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Henry Onyekuru --

Everton completed the signing of Henry Onyekuru, an exciting striking prospect from KAS Eupen in Belgium, for an officially undisclosed fee, reported to be around £6.8m at the end of June, 2017.

The Blues were said to have beaten off competition from Arsenal, Paris St Germain and West Ham to land the 20-year-old who signed a five-year contract to become the club's third signing of that summer following the acquisitions of Jordan Pickford and Davy Klaassen earlier in the month.

Onyekuru, who finished joint-top scorer in the Belgian league the previous season, will spend the 2017-18 season with champions Anderlecht where he will wear the No 9 jersey.

"I feel very happy and delighted with this move to Everton," the player told SCORENigeria after he came through a medical at Finch Farm and finalised personal terms. "I am delighted because my first target of signing for a Premier League team has materialised.

"It wasn't an easy decision to make for me, but with the advise of top players and proper studying of the other offers. It is a great deal for me."

Onyekuru, who wears the name "Henry" on his jersey, was picked up by the Qatar-funded Aspire Zone Foundation to develop when he was 13 before moving him to Eupen, the club they purchased in 2010. To date, he is the most promising product of the Aspire academy and he almost secured a move to Celtic during the January transfer window but the Belgian club blocked the sale.

Onyekuru failed to qualify for a full UK work permit when he was signed. Any player who is over 16-years-old and not from the European Economic Area (EEA) requires a work permit to play for a British club. In 2015, the FA changed the work permit criteria making it more difficult for non-EEA players to sign for Premier League clubs unless they were “internationally established at the highest level”. Everton chose to loan him out to continue his development in the Belgian league with Anderlecht where he got off to an impressive start, scoring nine goals.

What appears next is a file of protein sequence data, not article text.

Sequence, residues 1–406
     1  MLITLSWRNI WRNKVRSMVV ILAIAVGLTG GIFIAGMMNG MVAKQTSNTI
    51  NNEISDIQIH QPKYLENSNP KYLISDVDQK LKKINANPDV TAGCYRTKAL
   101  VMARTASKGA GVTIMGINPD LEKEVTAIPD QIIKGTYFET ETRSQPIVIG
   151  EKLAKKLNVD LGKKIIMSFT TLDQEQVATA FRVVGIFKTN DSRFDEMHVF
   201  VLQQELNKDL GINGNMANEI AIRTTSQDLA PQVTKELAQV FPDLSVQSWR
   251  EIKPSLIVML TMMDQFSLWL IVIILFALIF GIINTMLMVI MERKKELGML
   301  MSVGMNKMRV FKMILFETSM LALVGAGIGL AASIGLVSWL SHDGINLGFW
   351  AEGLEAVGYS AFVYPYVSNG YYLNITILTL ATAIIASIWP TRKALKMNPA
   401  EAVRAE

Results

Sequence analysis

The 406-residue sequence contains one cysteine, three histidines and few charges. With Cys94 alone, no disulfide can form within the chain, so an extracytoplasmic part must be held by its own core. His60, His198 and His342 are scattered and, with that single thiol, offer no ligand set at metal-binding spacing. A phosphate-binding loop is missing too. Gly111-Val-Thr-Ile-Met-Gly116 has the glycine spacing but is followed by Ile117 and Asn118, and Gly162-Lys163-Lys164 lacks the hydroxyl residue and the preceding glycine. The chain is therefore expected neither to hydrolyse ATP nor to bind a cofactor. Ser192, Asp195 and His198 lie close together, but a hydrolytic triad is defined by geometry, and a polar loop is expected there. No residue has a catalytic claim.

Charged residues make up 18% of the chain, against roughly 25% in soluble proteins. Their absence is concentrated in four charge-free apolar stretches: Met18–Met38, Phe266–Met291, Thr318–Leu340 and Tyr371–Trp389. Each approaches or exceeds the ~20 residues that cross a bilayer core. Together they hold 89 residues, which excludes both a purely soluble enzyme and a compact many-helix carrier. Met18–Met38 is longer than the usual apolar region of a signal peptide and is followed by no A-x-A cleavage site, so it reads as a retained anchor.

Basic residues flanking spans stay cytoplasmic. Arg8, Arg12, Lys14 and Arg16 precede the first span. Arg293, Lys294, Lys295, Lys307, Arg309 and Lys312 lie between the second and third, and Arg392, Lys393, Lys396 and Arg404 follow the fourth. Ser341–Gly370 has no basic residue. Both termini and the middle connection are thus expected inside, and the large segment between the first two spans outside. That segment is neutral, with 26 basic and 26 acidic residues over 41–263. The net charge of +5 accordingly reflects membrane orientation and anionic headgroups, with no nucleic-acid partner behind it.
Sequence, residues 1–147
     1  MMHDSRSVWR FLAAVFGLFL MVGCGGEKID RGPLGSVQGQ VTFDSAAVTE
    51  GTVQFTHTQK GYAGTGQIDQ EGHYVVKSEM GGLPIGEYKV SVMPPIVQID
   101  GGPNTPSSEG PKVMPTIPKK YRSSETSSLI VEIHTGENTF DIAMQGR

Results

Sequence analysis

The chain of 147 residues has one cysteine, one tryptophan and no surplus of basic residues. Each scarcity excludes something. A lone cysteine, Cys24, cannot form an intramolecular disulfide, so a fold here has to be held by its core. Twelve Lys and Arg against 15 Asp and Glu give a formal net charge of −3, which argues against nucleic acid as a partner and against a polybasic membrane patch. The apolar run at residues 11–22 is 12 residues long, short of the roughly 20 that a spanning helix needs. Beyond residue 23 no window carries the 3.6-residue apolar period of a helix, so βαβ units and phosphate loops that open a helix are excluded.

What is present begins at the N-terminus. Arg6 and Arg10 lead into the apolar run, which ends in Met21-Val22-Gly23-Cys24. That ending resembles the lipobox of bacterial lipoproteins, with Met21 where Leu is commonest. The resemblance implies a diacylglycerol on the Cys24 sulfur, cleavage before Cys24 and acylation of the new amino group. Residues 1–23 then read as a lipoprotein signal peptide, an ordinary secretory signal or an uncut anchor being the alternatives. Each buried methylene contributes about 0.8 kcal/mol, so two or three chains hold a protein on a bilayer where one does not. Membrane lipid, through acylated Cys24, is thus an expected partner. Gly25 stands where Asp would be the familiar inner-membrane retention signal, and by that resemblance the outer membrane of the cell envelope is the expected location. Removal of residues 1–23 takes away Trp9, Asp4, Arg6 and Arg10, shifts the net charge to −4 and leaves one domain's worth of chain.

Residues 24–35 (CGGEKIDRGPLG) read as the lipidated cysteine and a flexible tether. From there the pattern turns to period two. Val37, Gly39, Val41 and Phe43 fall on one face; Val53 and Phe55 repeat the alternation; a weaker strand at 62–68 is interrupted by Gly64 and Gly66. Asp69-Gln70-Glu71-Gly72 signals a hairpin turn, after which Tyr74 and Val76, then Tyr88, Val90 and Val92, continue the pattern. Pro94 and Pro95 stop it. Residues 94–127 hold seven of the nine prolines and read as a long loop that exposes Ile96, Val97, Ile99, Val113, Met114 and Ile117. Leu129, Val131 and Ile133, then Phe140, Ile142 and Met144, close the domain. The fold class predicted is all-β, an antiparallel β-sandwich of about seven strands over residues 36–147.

Despite this record, the Anderlecht manager seemed to have a dim view of him, defending his decision to move Henry from his preferred striker position to the wing by saying, “He was lost in that top position and did not know how to ask for the ball. That's why I sent him back to the flanks.” Then in December 2017, right before he was injured, he told a press conference that Henry "always let himself down."

Henry suffered a serious knee injury playing against his old club Eupen, with initial fears that he would require surgery and miss the rest of the season. He returned to Finch Farm for treatment and scans ultimately showed that he would not need an operation but it created uncertainty over his future, both in terms of qualifying for the Nigerian World Cup squad, and gaining enough international appearances to justify a work permit that would allow him to play for Everton in the Premier League in 2018-19.

He had regained his fitness by late April 2018 but didn't make another start for Anderlecht for the remainder of the season. He was duly left out of Nigeria's team for Russia 2018, with some in his native Nigeria speculating that the Belgian club have withheld him from the team on purpose so that he would not be picked and could return to them for another loan the following season.

Anderlecht's hierarchy rejected the insinuation, with Vanhaezebrouck insisting it wasn't Anderlecht's fault that Henry would miss the World Cup. "Everyone sees that he is not ready to play – he is afraid of the duels – and then I cannot pick him to please him. By the way, Henry still has a lot to prove with the national team. He was not a fixed value before his injury either, hey?"

Although Anderlecht had successfully negotiated an agreement with Everton to take him for the 2018-19 season, the player and his representatives were reportedly exploring other opportunities, with Borussia Moenchengladback a mooted possibility.